Newar - Sociopolitical Organization

Social Organization. The intercaste relationship, which is hierarchical, is expressed in commensality, marriage, and other behavior as well as in the division of labor. Within a caste, there are socioritual groups categorized as guthi. A guthi is headed by several elders, has a particular name and function, often owns land and other property, and holds feasts, which are hosted in rotation by the members. Some priestly and artisan castes had or have guthis to cover one large area and control members' occupations, marriage, and conflicts. In many other castes, funeral associations control the caste members. They may extend beyond the settlement boundary, depending upon the demographic condition of the caste concerned. Castes tend to live in different quarters or wards ( twā ), which among some castes are given specific names. A quarter usually houses plural lineages, which may form a corporate ritual unit. There are many guthis of restricted membership to carry out rituals among higher castes. Musical groups and voluntary dance or drama groups are widely found both as intra-and intercaste organizations.

Political Organization. The present political system of the kingdom of Nepal is called the panchayat system, under which there are local administrative units called town panchayat and village panchayat with elected heads. Each of the Newar settlements comprises one or more panchayats or is combined with others to form one. In the Rana period, the village head was appointed by the higher authority. One or two higher castes are usually dominant and tend to monopolize village leadership.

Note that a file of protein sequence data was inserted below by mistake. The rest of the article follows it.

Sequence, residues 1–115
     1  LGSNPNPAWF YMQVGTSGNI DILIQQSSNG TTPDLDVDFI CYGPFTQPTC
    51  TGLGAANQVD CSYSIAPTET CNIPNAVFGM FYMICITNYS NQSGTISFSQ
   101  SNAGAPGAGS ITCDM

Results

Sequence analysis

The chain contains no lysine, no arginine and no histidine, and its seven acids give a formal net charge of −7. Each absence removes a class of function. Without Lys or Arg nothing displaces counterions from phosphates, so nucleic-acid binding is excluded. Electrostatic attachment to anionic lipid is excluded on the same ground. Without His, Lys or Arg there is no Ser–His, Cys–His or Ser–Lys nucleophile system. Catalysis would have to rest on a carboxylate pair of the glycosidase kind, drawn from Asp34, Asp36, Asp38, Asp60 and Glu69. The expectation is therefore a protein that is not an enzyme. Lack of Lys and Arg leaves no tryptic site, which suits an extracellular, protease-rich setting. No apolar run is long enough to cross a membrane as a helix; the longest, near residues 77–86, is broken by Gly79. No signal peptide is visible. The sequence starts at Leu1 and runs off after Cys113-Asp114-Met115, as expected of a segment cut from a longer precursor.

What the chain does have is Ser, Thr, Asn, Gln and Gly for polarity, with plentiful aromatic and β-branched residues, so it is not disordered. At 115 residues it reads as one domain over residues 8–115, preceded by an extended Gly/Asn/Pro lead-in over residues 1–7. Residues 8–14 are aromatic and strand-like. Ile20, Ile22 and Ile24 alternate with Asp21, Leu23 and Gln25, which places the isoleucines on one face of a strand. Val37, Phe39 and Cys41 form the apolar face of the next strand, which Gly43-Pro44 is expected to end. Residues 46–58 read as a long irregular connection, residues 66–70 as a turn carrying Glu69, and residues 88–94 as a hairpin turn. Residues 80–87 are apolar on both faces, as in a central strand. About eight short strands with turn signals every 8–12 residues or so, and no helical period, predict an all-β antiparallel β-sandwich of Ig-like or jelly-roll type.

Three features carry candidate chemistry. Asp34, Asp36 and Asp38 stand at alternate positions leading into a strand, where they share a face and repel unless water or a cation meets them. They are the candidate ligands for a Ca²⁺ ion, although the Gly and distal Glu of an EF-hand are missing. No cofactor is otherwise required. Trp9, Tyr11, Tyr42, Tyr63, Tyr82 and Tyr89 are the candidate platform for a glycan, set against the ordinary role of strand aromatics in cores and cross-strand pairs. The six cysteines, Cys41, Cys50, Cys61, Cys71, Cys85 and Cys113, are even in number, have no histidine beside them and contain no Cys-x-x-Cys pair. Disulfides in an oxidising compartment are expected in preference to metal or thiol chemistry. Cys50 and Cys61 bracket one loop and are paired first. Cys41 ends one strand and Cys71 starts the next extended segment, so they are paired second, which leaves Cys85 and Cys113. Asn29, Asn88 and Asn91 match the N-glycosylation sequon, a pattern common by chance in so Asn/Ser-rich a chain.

Social Control. A sense of conformity is pervasive. Violation of norms sometimes ends in ostracism. Each social group is led by elders who assume their seats according to seniority based on generation and age; but other members who have prestige and ability may emerge as practical leaders. The panchayat system with elections has been gaining legitimacy.

Conflict. In the late Malla period, there were frequent conflicts among the small kingdoms in the valley. Conflicts Between castes often led to the weakening of service relations. The best-remembered one is the prolonged Gubhāju-Udāy conflict, which was brought before the court and even needed the king's intervention. A mechanism to split a group Peacefully is absent in many cases; thus conflict, by creating fissures and splinter groups, helps maintain groups at an optimum size. Traditional social relations have been weakening in many respects recently.

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